Marking the walls of a piece using a bit with a flute wider than the shaft?

I want to use a ball mill with a diameter 2mm wider than that of the shaft to mark the placement of a hole in the side of my part. Is there a way I can do that, or do I need to calculate the center coordinates of the hole so I can edit the file to manually add the movement?

With a few of the parts I can rotate them, but that always leaves the potential of not having the origin in the right spot. For most parts my CNC does not fit the part in that orientation.

As a side note, are there any plans to support tools with more esoteric geometries?

The drill operation has a marking checkbox so that you can use any bit to mark, but not drill, holes. Would that work? At present, there is still no individual hole selection (on the todo list).

What kind of esoteric geometries?

Marking works great for the horizontal faces, but doesn’t register anything on the vertical faces. This makes sense generally, but it would be cool to have the capacity for the program to realize that with a bit that has an end wider than the shaft, it could make cuts into the side of the piece.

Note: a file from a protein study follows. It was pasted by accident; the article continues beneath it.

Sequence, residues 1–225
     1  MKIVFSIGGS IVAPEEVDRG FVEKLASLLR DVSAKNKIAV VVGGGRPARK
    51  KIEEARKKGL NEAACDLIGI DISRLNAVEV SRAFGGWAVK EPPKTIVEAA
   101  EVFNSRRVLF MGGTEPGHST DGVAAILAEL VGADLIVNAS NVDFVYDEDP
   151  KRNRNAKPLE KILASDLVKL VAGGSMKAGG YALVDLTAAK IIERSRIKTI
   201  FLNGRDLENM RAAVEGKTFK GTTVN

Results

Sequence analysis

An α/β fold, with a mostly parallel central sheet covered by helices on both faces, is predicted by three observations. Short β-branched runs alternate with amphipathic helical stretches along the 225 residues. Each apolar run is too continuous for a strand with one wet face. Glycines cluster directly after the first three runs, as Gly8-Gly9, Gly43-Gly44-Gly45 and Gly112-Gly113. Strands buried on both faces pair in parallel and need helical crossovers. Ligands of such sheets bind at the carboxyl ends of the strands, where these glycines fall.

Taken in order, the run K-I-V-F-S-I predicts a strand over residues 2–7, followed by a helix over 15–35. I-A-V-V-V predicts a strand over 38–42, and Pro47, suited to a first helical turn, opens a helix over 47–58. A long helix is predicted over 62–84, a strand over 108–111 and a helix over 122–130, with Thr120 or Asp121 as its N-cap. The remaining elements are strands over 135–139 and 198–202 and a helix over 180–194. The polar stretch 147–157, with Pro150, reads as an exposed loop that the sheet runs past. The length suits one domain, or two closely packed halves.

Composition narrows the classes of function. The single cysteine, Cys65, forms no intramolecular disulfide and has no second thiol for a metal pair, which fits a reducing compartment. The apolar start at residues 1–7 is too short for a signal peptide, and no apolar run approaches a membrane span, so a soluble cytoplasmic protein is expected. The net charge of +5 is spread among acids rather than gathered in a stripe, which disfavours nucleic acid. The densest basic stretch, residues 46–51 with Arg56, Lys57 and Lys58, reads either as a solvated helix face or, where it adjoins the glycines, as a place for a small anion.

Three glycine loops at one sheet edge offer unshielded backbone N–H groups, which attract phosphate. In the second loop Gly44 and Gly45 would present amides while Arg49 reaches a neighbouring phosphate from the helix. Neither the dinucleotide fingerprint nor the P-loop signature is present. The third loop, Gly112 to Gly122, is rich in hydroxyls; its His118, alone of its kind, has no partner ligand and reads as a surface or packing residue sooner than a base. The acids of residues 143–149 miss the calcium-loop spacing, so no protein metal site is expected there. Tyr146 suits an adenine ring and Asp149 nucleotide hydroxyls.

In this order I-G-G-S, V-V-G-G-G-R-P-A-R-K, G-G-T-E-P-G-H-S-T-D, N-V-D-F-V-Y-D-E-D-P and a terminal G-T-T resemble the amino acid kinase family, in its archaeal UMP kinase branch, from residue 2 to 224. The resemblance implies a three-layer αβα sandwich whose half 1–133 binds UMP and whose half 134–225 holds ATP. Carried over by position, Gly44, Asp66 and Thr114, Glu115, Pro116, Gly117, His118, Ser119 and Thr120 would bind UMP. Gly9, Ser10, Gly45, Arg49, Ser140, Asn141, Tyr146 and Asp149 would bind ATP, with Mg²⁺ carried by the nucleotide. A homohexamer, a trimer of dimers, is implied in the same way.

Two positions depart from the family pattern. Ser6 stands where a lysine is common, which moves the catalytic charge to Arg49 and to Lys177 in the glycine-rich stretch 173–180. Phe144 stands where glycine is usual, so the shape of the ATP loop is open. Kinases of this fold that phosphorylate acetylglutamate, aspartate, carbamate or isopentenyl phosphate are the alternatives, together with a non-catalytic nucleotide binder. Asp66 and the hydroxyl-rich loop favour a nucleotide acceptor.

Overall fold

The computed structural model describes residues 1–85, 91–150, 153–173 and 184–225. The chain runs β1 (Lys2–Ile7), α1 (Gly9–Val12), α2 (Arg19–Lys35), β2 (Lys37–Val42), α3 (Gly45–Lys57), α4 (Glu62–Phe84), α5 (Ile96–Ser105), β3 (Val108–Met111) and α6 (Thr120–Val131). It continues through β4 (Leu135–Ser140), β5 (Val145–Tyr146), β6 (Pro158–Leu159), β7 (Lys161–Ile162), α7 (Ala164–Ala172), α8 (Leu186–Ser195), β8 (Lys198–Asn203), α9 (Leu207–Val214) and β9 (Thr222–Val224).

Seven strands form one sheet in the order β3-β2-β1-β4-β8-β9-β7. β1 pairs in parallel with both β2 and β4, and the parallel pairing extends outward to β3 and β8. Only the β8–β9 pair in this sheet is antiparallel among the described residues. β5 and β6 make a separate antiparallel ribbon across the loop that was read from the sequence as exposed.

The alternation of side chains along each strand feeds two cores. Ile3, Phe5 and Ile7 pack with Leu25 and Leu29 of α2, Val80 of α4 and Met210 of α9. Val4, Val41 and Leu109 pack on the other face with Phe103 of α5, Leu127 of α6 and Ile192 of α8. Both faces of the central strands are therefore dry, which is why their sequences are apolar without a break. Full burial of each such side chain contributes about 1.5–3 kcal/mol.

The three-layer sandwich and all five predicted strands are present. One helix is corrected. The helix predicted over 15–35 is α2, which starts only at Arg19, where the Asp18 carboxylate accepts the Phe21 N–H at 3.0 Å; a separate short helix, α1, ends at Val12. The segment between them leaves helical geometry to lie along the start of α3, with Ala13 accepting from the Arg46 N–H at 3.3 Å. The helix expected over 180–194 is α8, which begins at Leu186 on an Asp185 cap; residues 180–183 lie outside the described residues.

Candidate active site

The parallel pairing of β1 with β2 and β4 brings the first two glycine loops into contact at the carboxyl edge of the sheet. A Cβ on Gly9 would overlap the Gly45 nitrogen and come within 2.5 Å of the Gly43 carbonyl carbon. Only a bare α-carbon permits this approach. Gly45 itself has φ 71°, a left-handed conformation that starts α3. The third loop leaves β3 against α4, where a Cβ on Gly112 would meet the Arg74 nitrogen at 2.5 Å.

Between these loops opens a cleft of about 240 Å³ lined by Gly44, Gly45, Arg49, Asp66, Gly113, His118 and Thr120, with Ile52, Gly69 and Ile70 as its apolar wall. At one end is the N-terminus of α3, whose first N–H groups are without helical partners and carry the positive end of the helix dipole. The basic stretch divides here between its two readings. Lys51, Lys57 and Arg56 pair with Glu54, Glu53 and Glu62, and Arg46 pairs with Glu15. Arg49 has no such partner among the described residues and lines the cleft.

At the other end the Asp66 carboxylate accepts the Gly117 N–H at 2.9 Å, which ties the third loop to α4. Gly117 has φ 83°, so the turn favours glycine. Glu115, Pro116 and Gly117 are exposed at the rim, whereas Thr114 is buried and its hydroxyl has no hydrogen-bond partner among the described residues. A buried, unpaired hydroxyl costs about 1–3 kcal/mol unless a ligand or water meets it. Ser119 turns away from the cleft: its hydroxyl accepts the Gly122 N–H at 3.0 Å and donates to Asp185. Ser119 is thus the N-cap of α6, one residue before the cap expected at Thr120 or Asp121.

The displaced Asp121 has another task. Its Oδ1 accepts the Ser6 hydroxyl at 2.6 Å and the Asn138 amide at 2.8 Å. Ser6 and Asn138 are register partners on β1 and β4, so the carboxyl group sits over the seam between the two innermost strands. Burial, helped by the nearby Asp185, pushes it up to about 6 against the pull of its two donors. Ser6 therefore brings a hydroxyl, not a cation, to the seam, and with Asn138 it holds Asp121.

It seems like that may be really tricky to implement though. It would be nice to be able to find the machine coordinates of a feature by selecting it, that would save me a lot of measuring and math when manually editing the Gcode.

As for esoteric geometries, I mean things like bits with a profile wider than the shaft. I can put the dimensions in for things like a dovetail bit, it gets treated like an end mill with the diameter of the wide base. I also use bits with spherical end geometries that get treated as ball end mills. I get by with using trace, but there isn’t always a feature to trace.

Overall this is by far the best program I’ve used, so keep up the great work!

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Bits for side cutting are an interesting use case. I’ll have to think about a sensible implementation.

I’ll add something to let you probe coordinates off the part. Good idea.

Just to help with searches, these are called “undercutting” mills, and the round ball ones are often called “lollipop” mills.

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